Can Ernest Hemingway's "The Old Man and the Sea" be considered a tragedy in the classic sense of the word?
When considering whether Ernest Hemingway's "The Old Man and the Sea" can be categorized as a tragedy, it is appropriate to first arrive at common ground on the definition of "tragedy" in the context of literature. For purposes of discussion, the definition of "tragedy" from the Encyclopedia Britannica will be used:
"tragedy: branch of drama that treats in a serious and dignified style the sorrowful or terrible events encountered or caused by a heroic individual. By extension, the term may be applied to other literary works, such as the novel."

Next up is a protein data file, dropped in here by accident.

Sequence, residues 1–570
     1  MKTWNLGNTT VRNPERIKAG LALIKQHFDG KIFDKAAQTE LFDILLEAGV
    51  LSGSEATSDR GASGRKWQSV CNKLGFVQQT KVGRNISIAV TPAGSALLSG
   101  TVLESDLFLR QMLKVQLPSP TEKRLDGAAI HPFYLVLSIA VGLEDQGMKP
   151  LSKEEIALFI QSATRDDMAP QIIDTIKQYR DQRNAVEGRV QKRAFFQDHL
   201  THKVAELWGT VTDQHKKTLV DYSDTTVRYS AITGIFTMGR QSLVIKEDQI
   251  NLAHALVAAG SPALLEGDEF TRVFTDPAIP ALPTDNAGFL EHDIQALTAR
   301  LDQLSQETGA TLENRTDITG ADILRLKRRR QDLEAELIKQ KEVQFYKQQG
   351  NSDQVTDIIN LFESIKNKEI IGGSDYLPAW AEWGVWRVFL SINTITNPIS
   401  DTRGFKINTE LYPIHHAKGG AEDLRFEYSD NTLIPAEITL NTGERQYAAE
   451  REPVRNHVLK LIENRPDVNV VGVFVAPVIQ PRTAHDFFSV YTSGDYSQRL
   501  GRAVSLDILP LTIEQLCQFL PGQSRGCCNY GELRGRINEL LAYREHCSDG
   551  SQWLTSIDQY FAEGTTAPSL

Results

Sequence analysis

Using that definition, "The Old Man and the Sea" can most definitely be considered a tragedy. An elderly, exhausted fisherman named Santiago struggles with a prize catch, a large marlin, finally prevailing against that fish only to lose it to sharks: that constitutes a tragedy in most any literary definition used. Hemingway's description of Santiago is such that the reader can only view his protagonist in somewhat sorrowful ways, for example, in the way that the young Manolin's parents forbid him from accompanying Santiago on a fishing expedition, preferring instead that the boy work with successful fishermen. When Santiago's victory over the marlin turns to defeat because of the sharks, he can do nothing but go to bed and dream of a better life.